In a sense, the forthcoming issue is continuation of the discourse in the AHA dressed up in academic garb. In spite of the self-proclaimed aim of the journal to use plain English, the call for papers is full of neo-Marxist, critical scholarship verbiage. The issue promises to contribute to the "historical depth and comparative breadth" to the discussions around the BDS campaign "in support of Palestine", intending "to create a broad basis for historical and strategic discussion by exploring a variety of spatio-temporal scales of political action opened up by boycott campaigns, from visions of global solidarity to hyper localized social movements, and from the strategic deployment of historical comparisons to claims of singularity." 
While they "recognize that not all boycotts are progressive", they "welcome studies that challenge conventional ideas of what a boycott is." The issue editors seek to put the Palestinian case on the same ontological plane as the "campaign during the Irish Land War, the abolitionist boycott of sugar, the non-cooperation movement in colonial India, the anti-Nazi boycott, the Montgomery Bus Boycott, and the international cultural and academic boycott of Apartheid South Africa." For this, they "seek studies that would be useful to activists as well as theoretical or comparative reflections on the present and future of boycotts as a form of nonviolent political action." 
Hidden inside all this jargon is one clear message: The BDS should be considered an act against oppression on par with the boycott of the apartheid South Africa, the anti-Nazi boycott, the fight of the abolition against slavery and segregation in the United States and other egregious acts of suppression.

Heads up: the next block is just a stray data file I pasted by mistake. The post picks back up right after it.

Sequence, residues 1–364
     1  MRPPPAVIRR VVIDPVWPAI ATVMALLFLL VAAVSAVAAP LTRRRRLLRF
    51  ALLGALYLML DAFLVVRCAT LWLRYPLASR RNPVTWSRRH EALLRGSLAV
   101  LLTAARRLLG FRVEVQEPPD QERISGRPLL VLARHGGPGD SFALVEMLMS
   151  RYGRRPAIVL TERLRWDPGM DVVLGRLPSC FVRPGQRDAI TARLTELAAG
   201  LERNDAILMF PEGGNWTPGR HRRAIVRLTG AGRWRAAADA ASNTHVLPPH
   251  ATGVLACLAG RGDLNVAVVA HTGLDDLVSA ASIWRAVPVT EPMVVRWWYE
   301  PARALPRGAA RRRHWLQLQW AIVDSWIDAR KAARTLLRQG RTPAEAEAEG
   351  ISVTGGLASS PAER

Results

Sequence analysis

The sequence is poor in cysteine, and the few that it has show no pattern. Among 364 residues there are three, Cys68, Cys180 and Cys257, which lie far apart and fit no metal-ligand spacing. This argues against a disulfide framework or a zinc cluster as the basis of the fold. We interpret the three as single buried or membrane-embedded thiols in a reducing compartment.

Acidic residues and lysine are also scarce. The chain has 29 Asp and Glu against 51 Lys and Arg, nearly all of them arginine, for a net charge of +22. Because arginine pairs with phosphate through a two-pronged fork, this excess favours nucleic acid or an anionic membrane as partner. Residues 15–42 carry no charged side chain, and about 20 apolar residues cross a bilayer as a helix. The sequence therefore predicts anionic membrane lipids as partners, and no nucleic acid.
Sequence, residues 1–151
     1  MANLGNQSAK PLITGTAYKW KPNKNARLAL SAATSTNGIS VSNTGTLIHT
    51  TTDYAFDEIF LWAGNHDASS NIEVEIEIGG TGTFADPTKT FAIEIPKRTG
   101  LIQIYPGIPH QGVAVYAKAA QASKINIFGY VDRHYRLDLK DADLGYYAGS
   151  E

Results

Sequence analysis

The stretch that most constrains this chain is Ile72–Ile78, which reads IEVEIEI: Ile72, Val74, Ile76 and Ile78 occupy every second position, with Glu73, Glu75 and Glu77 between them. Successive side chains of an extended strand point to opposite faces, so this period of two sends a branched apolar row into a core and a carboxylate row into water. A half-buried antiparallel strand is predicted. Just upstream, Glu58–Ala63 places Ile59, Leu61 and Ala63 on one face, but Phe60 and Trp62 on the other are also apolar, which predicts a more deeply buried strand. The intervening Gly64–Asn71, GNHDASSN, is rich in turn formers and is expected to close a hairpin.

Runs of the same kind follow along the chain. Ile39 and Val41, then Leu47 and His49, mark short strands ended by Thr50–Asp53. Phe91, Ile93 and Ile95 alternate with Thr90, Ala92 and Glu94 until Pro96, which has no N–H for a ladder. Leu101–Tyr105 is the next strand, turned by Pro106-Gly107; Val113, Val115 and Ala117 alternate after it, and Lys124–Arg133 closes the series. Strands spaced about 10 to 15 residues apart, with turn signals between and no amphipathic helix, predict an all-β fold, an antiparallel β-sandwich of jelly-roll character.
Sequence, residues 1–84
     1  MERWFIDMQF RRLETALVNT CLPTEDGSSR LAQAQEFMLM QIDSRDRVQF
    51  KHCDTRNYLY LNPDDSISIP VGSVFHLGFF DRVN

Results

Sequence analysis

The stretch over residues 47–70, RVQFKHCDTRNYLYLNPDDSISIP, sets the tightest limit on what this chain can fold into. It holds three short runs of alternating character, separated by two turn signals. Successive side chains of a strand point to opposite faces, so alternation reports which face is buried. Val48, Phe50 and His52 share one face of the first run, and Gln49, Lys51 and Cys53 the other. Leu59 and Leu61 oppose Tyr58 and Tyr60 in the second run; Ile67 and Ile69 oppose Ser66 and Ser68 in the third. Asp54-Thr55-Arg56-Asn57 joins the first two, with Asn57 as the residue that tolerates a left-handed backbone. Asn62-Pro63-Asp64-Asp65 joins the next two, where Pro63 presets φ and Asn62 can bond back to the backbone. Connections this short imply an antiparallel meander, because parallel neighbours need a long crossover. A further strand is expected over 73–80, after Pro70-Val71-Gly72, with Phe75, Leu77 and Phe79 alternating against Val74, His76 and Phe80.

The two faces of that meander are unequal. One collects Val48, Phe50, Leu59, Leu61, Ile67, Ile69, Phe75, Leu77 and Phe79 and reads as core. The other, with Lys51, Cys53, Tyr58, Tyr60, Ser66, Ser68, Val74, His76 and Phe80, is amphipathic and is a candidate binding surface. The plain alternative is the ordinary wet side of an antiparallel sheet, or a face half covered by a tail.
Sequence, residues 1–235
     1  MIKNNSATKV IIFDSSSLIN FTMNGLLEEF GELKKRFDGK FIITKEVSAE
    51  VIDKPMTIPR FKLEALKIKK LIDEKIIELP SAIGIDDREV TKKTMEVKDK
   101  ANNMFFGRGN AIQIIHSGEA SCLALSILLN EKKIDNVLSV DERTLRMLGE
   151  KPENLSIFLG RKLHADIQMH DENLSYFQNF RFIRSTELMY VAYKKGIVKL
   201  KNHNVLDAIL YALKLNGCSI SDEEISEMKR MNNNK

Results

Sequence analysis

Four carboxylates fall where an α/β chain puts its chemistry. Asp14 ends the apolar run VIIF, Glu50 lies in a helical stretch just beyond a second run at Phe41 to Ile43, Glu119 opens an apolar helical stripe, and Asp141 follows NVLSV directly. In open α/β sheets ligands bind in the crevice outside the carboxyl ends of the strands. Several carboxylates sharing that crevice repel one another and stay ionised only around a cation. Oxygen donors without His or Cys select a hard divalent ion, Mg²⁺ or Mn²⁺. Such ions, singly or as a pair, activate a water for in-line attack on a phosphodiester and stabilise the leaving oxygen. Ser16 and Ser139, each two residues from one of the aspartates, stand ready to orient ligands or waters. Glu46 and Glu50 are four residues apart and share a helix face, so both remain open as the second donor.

General Articles
 
22.03.17
Appointing the 13th Council for Higher Education
 
On March 14, 2017, after a long haul, the 13th Council for Higher Education was appointed. The new CHE is comprised of 25 members: Naftali Bennett, Minister of Education, Chairman, CHE; Mr. Israel Tik; Prof. Saad Tapuchi; Ms. Adi Mishnayot; Prof. Haviva Fadia; Prof. Dudi Schwartz; Prof. Rivka Gilat; Prof. Hanna Dodiuk Kenig; Moshe Vigdor; Prof. Ousside Khatib; Dr. Samar Hajj Yihye; Dr. Rivka Wadmany Shauman; Dr. Leah Boehm; Prof. Illana Gozes; Prof. Israel Gilad; Dr. Ofir Haivry; Prof. Yaffa Zilbershats; Prof. Aviva Halamish; Prof. Haim Taitelbaum; Prof. Eli Pollak; Prof. Ronnie Friedman; Prof. Ido Perlman; Prof. Aharon Kellerman; Prof. Shifra Sagie; Mr. Ram Shefa. 
To recall, six members of the 12th CHE resigned in protest when Minister Bennett dismissed the vice-chair, a highly respected Professor Haggit Messer-Yaronand appointed Dr. Rivka Wadmany-Shauman, a junior academic. Possible explanation is that Bennett might have been less than happy with the Messer-Yaron committee report, because it urged to reduce the control of the CHE over universities: "To ensure the autonomy of the higher education system, essential for the flourishing of research and teaching to reinforce academic freedom." 
The dismissal created a firestorm among academics and a group of activists-academics postulated that Bennett's move was purely political. The group petitioned the High Court to force Bennett to produce a statement explaining his rational behind electing new members; The activists also wanted to stop decision-making by the CHE, until it had the number of members as required by law. The court hearing scheduled for 27th of February was rescheduled to an unknown date. It is not clear what would be the fate of this petition since a new CHE is now in place.